Here (u_{i}, v_{i}) is a curb point in the best segment, and w_{i} is the $\mathit{\text{nodePot}}({X}_{{v}_{i}}^{{u}_{i}})$. With a weighted least square method, the best parameters can be estimated by solving Equation (27). The Equation (27) actually has closed form solution and can be solved fast:
3.4.3. Confidence Scoring
We give our confidence scores for the detected curbs based on both the node probability and the accuracy of the model:
That is to say, more points lying in the path with stronger curb feature and less model error can lead to a higher score for the detection result. The refined results are shown in Figure 15, where we set σ_{sc} = 3.
4. Experiment Results and Discussion
In this section, we present the experimental evaluations of our proposed method for curb detection. Here we use the widely used KITTI dataset [25] as the test bed for our curb detection method in urban environments. Based on the results in typical scenes, both qualitative and quantitative analyses of the performance of our method are given.
4.1. Dataset
We use the KITTI dataset in this section to evaluate our method. The KITTI dataset is one of the most comprehensive datasets for ALV applications, which is commonly used as the test bed for various tasks [25]. In the KITTI dataset, synchronous data from an Inertial Measurement Unit (IMU), a 3D-Lidar (Velodyne Lidar), two stereo cameras are provided at 10 Hz. The camera images are rectified, and the cameras are triggered by the 3D-Lidar to guarantee them to be well aligned. Moreover, the accurate calibration parameters for all sensors are provided.
4.2. Curb Detection Results under Various Conditions
We conduct comprehensive evaluations of our method on KITTI dataset, and our proposed method achieves outperforming results. In this section, we present some evaluation results under different conditions.
From Figures 1617, 18, 19, 20 and 21, the first row shows the visual image, the second row shows the normal image together with the best curb paths, the third row shows road image together with final curb detection results, and the last row shows the result from the top view. In the top view map, red points represent the obstacles, blue points represent the curb results, and the cover range is 60×40 m.
The statistics results of each experiment are summarized in Table 1. For each experiment, we provide the curb detection range in world coordinates and the confidence score for each side.
4.2.1. Illumination Change and Strong Shadow
Figure 16 gives the results in the scenes with illumination change and strong shadow. As can be observed from the results, our method provides results resistant to the shadow influence as it uses the geometric properties for curb detection. In Figure 16a, some curbs without corresponding edges in the image are also reliably detected.
4.2.2. Different Road Widths
Figure 17 shows the curb results with different road widths. Our method suits for both narrow and wide roads and provides satisfactory results. In Figure 17a, it is shown that our method can detect the left curb which is quite far away. The detection range in horizontal is from −8 to 8 m, and in vertical is from 6 to 30 m, as summarized in Table 1. This detection range is quite sufficient in practice.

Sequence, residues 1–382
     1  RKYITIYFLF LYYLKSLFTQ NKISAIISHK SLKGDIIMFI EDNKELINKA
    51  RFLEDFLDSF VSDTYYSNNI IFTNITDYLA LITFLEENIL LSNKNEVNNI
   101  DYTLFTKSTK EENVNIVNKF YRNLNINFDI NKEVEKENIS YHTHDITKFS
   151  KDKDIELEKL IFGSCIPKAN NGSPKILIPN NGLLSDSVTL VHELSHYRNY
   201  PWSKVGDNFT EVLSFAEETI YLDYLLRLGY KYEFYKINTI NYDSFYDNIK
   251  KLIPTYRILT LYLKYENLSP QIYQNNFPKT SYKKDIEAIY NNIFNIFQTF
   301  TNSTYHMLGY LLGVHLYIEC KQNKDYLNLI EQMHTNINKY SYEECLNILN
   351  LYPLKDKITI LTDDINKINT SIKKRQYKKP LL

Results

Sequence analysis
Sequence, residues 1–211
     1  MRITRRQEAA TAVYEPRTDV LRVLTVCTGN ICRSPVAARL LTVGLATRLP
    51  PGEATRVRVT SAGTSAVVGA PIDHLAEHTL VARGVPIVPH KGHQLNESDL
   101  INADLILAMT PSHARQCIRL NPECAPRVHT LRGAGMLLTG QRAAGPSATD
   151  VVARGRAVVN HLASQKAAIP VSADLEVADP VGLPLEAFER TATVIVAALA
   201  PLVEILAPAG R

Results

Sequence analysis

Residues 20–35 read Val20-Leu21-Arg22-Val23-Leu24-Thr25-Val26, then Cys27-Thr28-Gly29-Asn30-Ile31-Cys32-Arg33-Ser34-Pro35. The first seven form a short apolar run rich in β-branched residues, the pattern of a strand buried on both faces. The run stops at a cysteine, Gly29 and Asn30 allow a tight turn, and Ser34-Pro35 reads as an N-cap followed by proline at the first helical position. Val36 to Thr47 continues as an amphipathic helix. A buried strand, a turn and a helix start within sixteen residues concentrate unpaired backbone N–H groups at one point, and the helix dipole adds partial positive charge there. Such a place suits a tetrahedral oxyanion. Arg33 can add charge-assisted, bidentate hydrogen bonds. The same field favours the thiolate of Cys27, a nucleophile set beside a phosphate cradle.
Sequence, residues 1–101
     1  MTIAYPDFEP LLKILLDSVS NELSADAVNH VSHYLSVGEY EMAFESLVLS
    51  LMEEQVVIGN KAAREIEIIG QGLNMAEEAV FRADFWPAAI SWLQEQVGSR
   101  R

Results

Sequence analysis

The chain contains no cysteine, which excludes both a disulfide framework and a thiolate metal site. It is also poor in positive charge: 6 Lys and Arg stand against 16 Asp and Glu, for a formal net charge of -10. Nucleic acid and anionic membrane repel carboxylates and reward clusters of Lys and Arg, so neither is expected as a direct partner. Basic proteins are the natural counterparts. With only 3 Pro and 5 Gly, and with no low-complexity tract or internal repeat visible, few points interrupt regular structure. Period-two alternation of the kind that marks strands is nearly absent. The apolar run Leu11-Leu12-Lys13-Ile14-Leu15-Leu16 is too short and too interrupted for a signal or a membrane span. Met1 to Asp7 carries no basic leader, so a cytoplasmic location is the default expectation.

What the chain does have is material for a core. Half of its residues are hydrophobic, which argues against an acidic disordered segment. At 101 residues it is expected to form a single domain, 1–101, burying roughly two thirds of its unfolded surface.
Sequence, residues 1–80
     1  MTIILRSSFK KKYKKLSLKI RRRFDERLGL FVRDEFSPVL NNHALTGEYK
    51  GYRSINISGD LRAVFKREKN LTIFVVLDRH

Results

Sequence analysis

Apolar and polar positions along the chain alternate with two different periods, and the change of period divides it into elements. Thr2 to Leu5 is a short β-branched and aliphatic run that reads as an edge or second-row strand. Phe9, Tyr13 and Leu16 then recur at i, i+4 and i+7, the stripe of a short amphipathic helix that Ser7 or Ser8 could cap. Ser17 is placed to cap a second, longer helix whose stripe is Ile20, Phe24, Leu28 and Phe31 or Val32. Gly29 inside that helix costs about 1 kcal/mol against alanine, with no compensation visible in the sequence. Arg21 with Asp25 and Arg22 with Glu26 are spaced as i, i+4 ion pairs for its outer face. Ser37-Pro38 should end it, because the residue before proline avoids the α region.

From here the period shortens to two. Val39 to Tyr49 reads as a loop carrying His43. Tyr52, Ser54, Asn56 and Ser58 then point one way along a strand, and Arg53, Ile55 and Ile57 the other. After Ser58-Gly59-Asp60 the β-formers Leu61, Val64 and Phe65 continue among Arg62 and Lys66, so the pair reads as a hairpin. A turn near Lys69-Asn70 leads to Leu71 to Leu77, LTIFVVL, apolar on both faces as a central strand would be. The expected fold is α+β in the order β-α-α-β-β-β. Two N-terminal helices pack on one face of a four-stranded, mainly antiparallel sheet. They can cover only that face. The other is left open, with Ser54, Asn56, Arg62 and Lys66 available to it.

4.2.3. Straight and Curved Curbs of Different Lengths
For detecting both curved and straight curbs of different lengths, our method provides reliable detection results, as shown in Figure 18. In Figure 18b, the right curb, which only occupies a small part of the road, is also successfully detected, through our proposed linking and post-processing steps.
4.2.4. Obstacle Occlusion
Figure 19a and Figure 16b give the curb detection results with obstacle occlusion. In Figure 19a, though there are objects aside and ahead, our method can still provide reasonable results. Because our method uses the height property of curbs and only detects curbs in the identified road region, the obstacle region can be filtered out. This makes our method robust to the obstacle occlusion.
4.2.5. Vehicle Direction Change
Figure 19b gives the curb detection result in the scene where the vehicle direction changes. In this experiment, the direction of the vehicle relative to the road is changed to 30–45 degrees. It clearly shows that our method still outputs reliable detection results.
4.2.6. Broken Curbs
For broken curbs, our method can provide reasonable results, as shown in Figure 20. Because we use break points to filter the noises, our method generally cannot link the broken curbs and will output the strongest segment, as the right curb in Figure 20a. However, if the broken part has consistent feature (even very weak), our method can completely detect and link the broken curbs, as the left curb in Figure 20b.
4.2.7. Missed Curbs
With confidence scores, our method can judge whether there is a curb in each side. In our experiments, if the confidence score is lower than 10, we disable the result. Figure 21 gives the missed curb results in sequential frames. In Figure 21a, the right curb is weak and cannot be reliably detected. In the next frame, when the curb features become stronger, we can detect the right curb, as shown in Figure 21b.
4.3. Quantitative and Qualitative Analyses on Our Method
In this subsection, we provide some further discussions and illustrations on our proposed method.
4.3.1. Edge Probability Design